There are vast areas of peatlands across the Tropics that we are only now starting to map and understand their full extent and carbon content. For example, it was only a few months ago that the first map of the world’s largest tropical peat complex was published. Around 145,500 square kms of peat swamp forest was found in the central Congo Basin.
There may well be vast resources of peat in Rwanda that local residents have known about for years, or that the Finns have sniffed out recently, of which science has yet to be told or be concerned about. But whatever the scenario defining the nation’s peaty asset and wherever it is exactly, it is unlikely to be there for much longer if peat-to-power generation continues to be Rwanda’s cost competitive energy solution.
Given that it takes thousands of years to accumulate just hundreds of centimetres of peat, is peat-power really the solution to the nation’s energy needs? Can the Elon Musk’s out there create an energy-storage solution quickly enough that renewables make a serious contribution?
For now though, Rwanda is set to power through its peat.
A US$350 million deal to finance an 80 megawatt (MW) peat to power project in Rwanda, which will improve access to electricity for the three quarters of the country's population that is currently off the grid, has reached financial close.
The power plant, which is expected to increase installed capacity in Rwanda by 40%, will utilise the Country's significant peat reserves to improve the national installed generation capacity. Despite its status as one of Africa's fastest-growing economies, only 25% of Rwanda's population currently has access to reliable electricity.
The plant is being constructed in the Mamba Sector of Gisagara District, one of the most remote areas in Rwanda, and is expected to be completed within three years.
The Africa Finance Corporation is the Mandated Lead Arranger for the project debt, and has successfully arranged total senior debt facilities of US$245 million, contributing US$75 million in loans and providing an underwriting commitment of US$35 million.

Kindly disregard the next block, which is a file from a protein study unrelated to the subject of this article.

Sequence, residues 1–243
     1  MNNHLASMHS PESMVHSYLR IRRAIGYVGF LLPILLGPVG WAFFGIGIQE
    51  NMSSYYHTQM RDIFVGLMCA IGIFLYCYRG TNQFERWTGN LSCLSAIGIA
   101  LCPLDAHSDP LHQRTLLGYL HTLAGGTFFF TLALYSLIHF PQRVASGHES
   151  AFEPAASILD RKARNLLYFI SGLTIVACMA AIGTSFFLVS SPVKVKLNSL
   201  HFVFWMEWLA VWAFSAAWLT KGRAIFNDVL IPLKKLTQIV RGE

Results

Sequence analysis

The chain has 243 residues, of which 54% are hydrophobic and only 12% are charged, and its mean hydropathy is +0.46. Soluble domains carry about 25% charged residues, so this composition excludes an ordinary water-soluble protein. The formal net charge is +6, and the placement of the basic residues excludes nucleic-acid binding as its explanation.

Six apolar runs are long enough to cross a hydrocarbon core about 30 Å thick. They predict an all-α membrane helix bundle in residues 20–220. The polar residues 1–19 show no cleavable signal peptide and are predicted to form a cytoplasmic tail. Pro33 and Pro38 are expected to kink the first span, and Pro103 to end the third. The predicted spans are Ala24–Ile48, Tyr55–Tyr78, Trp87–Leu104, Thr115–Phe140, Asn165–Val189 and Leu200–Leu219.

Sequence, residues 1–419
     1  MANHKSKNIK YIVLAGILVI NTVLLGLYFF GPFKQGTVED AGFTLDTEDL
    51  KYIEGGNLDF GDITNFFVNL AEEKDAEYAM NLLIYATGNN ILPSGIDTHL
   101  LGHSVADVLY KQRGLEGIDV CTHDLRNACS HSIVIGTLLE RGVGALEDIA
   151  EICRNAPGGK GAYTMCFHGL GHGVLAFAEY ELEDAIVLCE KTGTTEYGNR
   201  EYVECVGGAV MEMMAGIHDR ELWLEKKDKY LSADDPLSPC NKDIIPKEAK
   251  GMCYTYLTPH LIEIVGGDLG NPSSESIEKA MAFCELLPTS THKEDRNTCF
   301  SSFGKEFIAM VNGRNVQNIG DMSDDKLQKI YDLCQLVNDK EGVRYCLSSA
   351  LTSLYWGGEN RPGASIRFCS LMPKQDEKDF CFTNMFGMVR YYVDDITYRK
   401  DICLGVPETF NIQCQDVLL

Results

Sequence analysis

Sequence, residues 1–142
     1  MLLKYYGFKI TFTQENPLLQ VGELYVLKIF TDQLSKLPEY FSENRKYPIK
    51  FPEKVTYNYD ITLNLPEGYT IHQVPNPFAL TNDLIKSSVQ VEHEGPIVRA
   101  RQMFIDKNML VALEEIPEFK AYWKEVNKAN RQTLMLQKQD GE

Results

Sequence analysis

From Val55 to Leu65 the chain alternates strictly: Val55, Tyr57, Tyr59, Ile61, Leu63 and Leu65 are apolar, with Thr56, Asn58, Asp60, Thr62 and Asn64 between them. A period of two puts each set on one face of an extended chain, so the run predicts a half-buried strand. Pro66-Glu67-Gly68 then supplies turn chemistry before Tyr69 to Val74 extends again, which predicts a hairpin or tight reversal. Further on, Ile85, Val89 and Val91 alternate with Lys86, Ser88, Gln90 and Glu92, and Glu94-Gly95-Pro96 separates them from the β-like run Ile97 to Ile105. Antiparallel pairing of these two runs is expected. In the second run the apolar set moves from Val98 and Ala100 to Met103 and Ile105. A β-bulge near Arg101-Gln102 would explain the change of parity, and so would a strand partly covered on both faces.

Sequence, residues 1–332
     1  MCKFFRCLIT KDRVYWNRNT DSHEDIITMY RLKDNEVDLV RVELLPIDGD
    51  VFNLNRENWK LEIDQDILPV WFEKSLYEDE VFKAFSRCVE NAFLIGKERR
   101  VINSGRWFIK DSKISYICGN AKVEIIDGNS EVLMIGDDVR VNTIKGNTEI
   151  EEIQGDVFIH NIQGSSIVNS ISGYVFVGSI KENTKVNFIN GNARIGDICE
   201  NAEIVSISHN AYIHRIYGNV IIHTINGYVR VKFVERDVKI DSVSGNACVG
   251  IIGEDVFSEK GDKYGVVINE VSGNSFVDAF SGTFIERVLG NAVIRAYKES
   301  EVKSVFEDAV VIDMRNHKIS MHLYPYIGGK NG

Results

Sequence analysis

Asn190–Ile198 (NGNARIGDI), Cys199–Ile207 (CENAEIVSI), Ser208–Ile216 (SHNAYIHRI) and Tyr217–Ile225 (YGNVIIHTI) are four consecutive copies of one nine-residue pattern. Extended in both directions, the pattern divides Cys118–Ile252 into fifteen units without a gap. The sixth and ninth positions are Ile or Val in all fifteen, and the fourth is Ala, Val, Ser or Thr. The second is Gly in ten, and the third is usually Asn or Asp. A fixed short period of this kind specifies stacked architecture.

Finnfund, a Finnish Development Finance Company, served as the lead arranger for total mezzanine debt facilities of US$35 million for the project. The other lenders are Eastern and Southern African Trade and Development Bank(TDB), African Export-Import Bank (Afreximbank), Export-Import Bank of India, and Rwanda Development Bank (BRD).
The project is sponsored by Hakan Madencilik A.S - an energy company from Turkey, and Quantum Power - a power and energy infrastructure investment platform. Themis Infra, an infrastructure development firm, is the Project Development Manager.
Andrew Alli, CEO of AFC, commented on the announcement: "The move from costly external imports of fuel to more sustainable indigenous sources of energy such as peat will reap great rewards for Rwanda, not just in terms of the significant savings in foreign exchange hitherto used in importing expensive diesel oil for power generation, but also the positive economic and social benefits of providing more cost effective power for businesses and industries, as well as more affordable power for the people".
"AFC prioritises investing in projects that will have significant advantages for the local community, which this plant will. It will also make a huge contribution to powering Rwanda's economic growth in the future, in line with the government's objectives."
Rwanda aims to provide 70% of its 12 million people with power from the grid or off-grid by 2018, and the country intends to become a lower middle-income country by 2020